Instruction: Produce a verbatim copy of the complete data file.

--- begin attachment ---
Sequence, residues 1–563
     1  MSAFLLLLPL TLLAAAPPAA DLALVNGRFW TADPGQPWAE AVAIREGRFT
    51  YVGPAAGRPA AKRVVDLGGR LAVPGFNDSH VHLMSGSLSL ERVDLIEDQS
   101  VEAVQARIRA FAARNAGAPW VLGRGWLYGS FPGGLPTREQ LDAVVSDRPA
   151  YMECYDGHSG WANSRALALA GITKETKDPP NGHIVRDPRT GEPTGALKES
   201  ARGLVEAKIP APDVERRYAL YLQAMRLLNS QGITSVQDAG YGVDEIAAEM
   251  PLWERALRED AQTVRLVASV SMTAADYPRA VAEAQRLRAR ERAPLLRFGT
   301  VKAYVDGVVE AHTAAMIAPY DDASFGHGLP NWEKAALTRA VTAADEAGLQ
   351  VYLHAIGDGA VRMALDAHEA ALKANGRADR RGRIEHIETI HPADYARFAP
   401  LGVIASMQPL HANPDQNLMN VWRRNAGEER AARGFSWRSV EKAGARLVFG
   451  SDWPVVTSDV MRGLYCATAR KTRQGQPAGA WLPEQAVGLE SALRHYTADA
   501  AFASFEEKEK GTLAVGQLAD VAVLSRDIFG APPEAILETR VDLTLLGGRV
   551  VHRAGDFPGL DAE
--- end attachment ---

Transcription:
Sequence, residues 1–563
     1  MSAFLLLLPL TLLAAAPPAA DLALVNGRFW TADPGQPWAE AVAIREGRFT
    51  YVGPAAGRPA AKRVVDLGGR LAVPGFNDSH VHLMSGSLSL ERVDLIEDQS
   101  VEAVQARIRA FAARNAGAPW VLGRGWLYGS FPGGLPTREQ LDAVVSDRPA
   151  YMECYDGHSG WANSRALALA GITKETKDPP NGHIVRDPRT GEPTGALKES
   201  ARGLVEAKIP APDVERRYAL YLQAMRLLNS QGITSVQDAG YGVDEIAAEM
   251  PLWERALRED AQTVRLVASV SMTAADYPRA VAEAQRLRAR ERAPLLRFGT
   301  VKAYVDGVVE AHTAAMIAPY DDASFGHGLP NWEKAALTRA VTAADEAGLQ
   351  VYLHAIGDGA VRMALDAHEA ALKANGRADR RGRIEHIETI HPADYARFAP
   401  LGVIASMQPL HANPDQNLMN VWRRNAGEER AARGFSWRSV EKAGARLVFG
   451  SDWPVVTSDV MRGLYCATAR KTRQGQPAGA WLPEQAVGLE SALRHYTADA
   501  AFASFEEKEK GTLAVGQLAD VAVLSRDIFG APPEAILETR VDLTLLGGRV
   551  VHRAGDFPGL DAE